Palm Beach Dramaworks stages Florida premiere of Albee's 'At Home at the Zoo'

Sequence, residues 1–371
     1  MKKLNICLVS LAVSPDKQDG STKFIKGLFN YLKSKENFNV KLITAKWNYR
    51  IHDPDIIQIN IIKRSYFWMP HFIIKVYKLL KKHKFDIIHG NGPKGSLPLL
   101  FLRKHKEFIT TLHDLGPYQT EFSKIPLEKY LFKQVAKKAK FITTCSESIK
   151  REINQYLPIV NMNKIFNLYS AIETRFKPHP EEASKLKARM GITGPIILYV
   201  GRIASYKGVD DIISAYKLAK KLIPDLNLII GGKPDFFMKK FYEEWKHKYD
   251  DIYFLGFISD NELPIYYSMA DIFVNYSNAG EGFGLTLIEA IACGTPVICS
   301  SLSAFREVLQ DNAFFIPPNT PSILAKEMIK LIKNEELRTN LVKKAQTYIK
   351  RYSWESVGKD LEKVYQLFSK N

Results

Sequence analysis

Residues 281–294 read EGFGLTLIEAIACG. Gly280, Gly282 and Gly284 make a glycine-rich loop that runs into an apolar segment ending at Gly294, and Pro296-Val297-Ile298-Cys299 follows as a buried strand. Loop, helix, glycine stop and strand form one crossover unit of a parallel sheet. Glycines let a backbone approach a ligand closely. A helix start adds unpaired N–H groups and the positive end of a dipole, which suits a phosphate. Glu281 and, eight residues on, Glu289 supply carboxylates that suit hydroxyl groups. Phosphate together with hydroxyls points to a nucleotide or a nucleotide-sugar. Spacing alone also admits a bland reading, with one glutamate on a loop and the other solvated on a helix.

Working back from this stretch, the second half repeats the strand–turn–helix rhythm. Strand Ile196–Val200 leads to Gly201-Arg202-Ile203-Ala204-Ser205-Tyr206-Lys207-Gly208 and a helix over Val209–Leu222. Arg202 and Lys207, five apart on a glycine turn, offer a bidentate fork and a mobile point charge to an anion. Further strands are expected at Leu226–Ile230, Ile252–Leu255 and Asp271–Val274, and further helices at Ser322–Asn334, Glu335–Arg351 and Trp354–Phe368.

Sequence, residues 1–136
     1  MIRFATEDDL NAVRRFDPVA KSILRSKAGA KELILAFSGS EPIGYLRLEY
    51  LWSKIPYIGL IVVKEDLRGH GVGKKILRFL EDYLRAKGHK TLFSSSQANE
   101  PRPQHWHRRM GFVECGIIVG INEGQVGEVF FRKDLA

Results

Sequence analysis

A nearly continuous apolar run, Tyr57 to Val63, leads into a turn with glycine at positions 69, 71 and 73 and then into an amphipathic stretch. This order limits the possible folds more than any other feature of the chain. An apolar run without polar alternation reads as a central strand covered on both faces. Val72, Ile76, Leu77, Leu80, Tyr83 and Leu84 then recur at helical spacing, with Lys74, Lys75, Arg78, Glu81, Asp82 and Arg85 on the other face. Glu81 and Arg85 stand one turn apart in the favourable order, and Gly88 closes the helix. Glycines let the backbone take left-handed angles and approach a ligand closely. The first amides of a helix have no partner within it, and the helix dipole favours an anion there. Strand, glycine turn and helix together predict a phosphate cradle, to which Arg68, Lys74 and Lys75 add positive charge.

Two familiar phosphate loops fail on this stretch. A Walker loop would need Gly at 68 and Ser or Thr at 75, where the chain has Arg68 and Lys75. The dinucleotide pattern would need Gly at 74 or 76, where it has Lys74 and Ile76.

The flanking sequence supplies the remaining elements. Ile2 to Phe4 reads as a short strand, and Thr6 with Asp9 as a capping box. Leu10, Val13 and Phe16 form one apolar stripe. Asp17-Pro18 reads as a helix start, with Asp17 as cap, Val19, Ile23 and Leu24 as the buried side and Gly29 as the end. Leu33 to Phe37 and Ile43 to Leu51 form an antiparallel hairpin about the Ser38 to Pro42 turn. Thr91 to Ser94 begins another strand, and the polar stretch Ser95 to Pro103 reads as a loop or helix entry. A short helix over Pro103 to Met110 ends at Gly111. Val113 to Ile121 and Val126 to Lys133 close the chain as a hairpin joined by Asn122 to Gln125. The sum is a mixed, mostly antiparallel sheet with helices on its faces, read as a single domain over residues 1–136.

The day Maureen Anderman talked with the cast of Palm Beach Dramaworks' production of At Home at the Zoo, she phoned her friend Edward Albee to ask what advice he'd like her to pass on to the performers. Albee gave his standard response: "Say the lines the way I wrote them." The reply did not surprise Anderman. She's known Albee since the early 1970s, when she originated the role of Sarah in his play Seascape, which he also directed. She played Honey in the Albee-directed revival of Who's Afraid of Virginia Woolf? and originated the role of Carol in Albee's The Lady from Dubuque. Dramaworks Producing Artistic Director William Hayes asked her to talk about Albee's work because of her long experience with his plays. The theater opened the Florida premiere of At Home at the Zoo Friday. The play is a blend of old and new. The second act consists of The Zoo Story, the show that in 1959 established Albee as a force in American theater. More than 40 years later, Hartford Stage in Connecticut commissioned Albee to write a first act that reveals what led up to the fatal clash in The Zoo Story. For those needing a refresher course in The Zoo Story, it's about Peter, a mild-mannered textbook publisher who goes to Central Park on a Sunday to read on his favorite bench. His relaxation is interrupted by Jerry, a misfit who sees beyond Peter's complacent facade to his deep-seated frustrations. Jerry badgers Peter with upsetting revelations and eventually needles him into an explosive confrontation. Homelife, the first act, rewinds to the hours immediately before Peter goes to the park. Peter is again reading, when his wife, Ann, starts a conversation in which she voices her discontent with how tame their lives have become. Albee has said he wanted to write a prequel to The Zoo Story because he had short-changed the character of Peter in the play. Fleshing out Peter's character could be "Edward's way of grounding the story," said Michael Wilson, artistic director of Hartford Stage. "It makes it slightly less abstract." Together, the acts explore themes of repression and self-deception and the crises of identity that beset people in middle age, said Hayes, who directs Dramaworks' production. "It also answers the pressing questions we ask ourselves when we see Zoo Story, 'Why does Peter stay?'" he said. Dramaworks' past productions include four Albee plays: The Zoo Story, The American Dream, Seascape and Who's Afraid of Virginia Woolf? Hayes directed all except The American Dream. Albee hasn't communicated directly with Dramaworks, but he knows about the theater because he insists on approving the casts and directors of his plays. Hayes' approach to Albee's work is something like a leap of faith. "He's like a composer," Hayes said. "I'm like a conductor with sheet music in front of me. It may not make sense at first, but if I follow his guidance and allow the actors to stay right on it, eventually you find it." In addition to being one of this country's most revered playwrights, Albee is one of its most exacting. His scripts are full of detailed instructions. Directions such as "appalled" or "slowly" indicate how lines are to be delivered. Words that are to be emphasized are underlined. Scripted pauses, ellipses or silences establish pacing. "Actors who work on Albee's plays all know that three dots are different from a pause, which is different from a silence," Anderman said. It's not that Albee is finicky, she said. "He's so focused on language and what words mean," she said. "He listens to people's words." He also has a keen sense of humor. For example, when Anderman told Albee that she was flabbergasted by something, the playwright deadpanned, "Well, we don't want to have your flabber gasted." "That's the way his mind works," Anderman said. "He plays with words." Fun aside, it's unlikely the meticulous Albee added words to one of his most famous plays lightly.